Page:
Ash from Iceland's volcano struck again Monday, forcing Ireland to impose a fresh flight ban and bringing about closings of some British airports as well. Irish airports are set to reopen for normal operations from 1200 GMT Tuesday.
AFP - Irish airports were to reopen Tuesday after being shut down for six hours due to the return of volcanic ash from an Icelandic volcano which brought chaos to thousands of travellers last month.
THE THREAT OF VOLCANIC ASH
The Irish Aviation Authority (IAA) said seven airports including Dublin and Shannon would reopen for normal operations from 1:00 pm (1200 GMT) after they were shut from 0600 GMT as a precautionary measure.
But its chief executive Eamon Brennan warned that Ireland "remains at risk" of further disruption in the days and weeks to come.
"The reason we have changed our advice is because the ash cloud has moved towards the south, down towards the Bay of Biscay," he told RTE state radio.
"At the moment the volcano is more or less dormant but should it re-erupt again, we'd be faced with this problem."
There were also closures in Northern Ireland and over the Outer Hebrides, a group of islands off the western coast of Scotland, imposed by Britain's Civil Aviation Authority (CAA).
But later the CAA said that flights to and from Northern Ireland would be able to resume from 1200 GMT. Airports in the Outer Hebrides are also expected to reopen later.
Airspace across Europe was closed down for up to a week last month after the eruption of Iceland's Eyjafjallajokull, but was re-opened after emergency talks between European governments, airlines and regulators.
The new alerts did not disrupt aircraft flying over Ireland from Britain or Europe, or southern British airports including Heathrow, Europe's busiest air hub, authorities in the two countries said.
But the new closure did trigger the cancellation of hundreds of flights in and out of Ireland and Northern Ireland, bringing fresh chaos to thousands of people.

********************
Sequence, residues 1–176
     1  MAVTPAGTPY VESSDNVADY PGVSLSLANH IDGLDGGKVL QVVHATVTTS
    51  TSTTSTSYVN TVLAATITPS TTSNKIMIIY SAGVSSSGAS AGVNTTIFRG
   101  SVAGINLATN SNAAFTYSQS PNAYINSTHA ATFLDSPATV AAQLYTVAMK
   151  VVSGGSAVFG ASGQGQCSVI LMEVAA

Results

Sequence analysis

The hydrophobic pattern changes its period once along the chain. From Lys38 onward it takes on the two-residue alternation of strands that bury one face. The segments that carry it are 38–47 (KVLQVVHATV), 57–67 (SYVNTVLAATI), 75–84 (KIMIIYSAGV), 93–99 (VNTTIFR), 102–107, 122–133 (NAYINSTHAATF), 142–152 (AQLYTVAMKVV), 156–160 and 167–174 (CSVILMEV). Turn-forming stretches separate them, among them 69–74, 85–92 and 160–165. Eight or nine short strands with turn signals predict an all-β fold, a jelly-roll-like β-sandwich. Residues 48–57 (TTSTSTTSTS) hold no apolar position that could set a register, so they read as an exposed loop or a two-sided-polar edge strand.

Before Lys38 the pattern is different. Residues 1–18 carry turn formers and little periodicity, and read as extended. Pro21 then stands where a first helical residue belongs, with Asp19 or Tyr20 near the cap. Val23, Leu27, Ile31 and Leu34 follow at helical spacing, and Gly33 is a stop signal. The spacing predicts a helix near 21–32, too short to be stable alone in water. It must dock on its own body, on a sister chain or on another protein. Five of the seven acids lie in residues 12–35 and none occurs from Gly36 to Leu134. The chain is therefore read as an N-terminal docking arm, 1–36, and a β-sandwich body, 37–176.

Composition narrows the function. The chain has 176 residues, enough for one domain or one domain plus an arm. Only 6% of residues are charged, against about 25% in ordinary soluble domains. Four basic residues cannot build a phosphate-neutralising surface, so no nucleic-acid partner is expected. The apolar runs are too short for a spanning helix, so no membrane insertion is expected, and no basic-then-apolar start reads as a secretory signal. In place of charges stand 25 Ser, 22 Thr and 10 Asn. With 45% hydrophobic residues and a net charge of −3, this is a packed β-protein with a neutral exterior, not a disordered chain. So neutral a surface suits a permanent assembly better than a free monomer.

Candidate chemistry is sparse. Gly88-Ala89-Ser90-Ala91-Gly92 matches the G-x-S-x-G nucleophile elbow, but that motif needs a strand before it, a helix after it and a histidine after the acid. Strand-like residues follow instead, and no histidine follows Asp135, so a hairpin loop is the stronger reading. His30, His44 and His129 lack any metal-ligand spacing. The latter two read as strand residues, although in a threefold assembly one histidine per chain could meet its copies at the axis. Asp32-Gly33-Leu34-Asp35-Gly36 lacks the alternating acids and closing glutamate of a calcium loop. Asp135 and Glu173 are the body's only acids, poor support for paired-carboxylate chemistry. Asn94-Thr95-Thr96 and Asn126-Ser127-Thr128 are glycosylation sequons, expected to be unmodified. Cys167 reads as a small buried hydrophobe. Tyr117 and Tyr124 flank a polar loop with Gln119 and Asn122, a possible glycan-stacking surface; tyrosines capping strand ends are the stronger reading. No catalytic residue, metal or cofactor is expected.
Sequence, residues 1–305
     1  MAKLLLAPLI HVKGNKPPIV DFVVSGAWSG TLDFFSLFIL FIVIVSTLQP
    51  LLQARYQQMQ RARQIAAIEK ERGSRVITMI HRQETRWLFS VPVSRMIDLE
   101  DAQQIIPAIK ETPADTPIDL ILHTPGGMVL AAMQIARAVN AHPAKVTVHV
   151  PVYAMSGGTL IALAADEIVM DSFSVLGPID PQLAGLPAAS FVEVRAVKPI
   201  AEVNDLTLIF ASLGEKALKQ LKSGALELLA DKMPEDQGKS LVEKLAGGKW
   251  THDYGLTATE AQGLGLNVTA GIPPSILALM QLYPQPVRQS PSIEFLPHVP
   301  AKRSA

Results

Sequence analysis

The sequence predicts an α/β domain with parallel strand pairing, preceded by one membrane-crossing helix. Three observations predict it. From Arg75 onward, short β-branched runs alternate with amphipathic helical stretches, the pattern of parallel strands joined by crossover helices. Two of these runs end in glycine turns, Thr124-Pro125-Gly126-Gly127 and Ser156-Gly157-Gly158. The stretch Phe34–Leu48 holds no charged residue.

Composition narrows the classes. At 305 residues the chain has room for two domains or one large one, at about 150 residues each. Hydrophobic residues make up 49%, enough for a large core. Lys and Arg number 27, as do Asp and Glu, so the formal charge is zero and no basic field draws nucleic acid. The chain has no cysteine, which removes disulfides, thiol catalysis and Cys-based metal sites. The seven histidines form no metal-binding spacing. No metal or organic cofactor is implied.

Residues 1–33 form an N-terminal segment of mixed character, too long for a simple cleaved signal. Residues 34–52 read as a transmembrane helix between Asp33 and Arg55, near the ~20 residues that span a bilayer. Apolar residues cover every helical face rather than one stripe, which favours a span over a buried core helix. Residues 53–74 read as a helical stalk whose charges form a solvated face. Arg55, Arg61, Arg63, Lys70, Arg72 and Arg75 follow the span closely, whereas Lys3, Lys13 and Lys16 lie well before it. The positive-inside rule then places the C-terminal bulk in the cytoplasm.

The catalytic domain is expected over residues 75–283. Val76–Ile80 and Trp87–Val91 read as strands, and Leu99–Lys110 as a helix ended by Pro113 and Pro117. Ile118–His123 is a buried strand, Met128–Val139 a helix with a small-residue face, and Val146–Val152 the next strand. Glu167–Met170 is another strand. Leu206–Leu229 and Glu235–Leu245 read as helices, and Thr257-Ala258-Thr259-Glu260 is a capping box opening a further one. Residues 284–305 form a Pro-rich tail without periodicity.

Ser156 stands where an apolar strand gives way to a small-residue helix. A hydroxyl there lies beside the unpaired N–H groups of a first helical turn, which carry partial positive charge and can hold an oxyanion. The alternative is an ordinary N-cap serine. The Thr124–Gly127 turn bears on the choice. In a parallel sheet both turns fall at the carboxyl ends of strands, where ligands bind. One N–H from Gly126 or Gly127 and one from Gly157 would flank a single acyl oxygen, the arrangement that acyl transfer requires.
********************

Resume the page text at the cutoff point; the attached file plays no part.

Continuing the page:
One victim of the ban was Ireland's Transport Minister Noel Dempsey, who had to cancel a trip to Brussels for talks with his EU counterparts -- on the recent ash cloud travel chaos.
As Britain's election campaign entered its penultimate day, opposition Conservative leader David Cameron briefly cancelled plans to visit Northern Ireland due to the ban, but later said the trip would go ahead.
"We are battling through everything to make this happen," he said.
Heathrow said that around 20 flights to and from the west London airport had been cancelled this morning.
"We are asking passengers to check with their airlines before coming to the airport," said a Heathrow spokeswoman.
Budget Irish carrier Ryanair said it had cancelled all flights into and out of Ireland between 0500 GMT and 1300 GMT Tuesday.
"The first wave is clearly one of the busiest parts of the day so it will have a fairly significant effect on the operation," said airline spokesman Stephen McNamara.
Irish flag carrier Aer Lingus said it had cancelled all British and European flights scheduled to depart and arrive into Dublin and other airports in the country until 1200 GMT Tuesday.
The international airline industry body, IATA, said last month's shutdown cost carriers some 1.7 billion dollars (1.3 billion euros) and called on governments to pick up at least part of the cost.
Eurocontrol, the continent's air traffic control co-ordinator, said more than 100,000 flights to, from and within Europe had been cancelled between April 15 and 21, preventing an estimated 10 million passengers from travelling.
Date created : 2010-05-03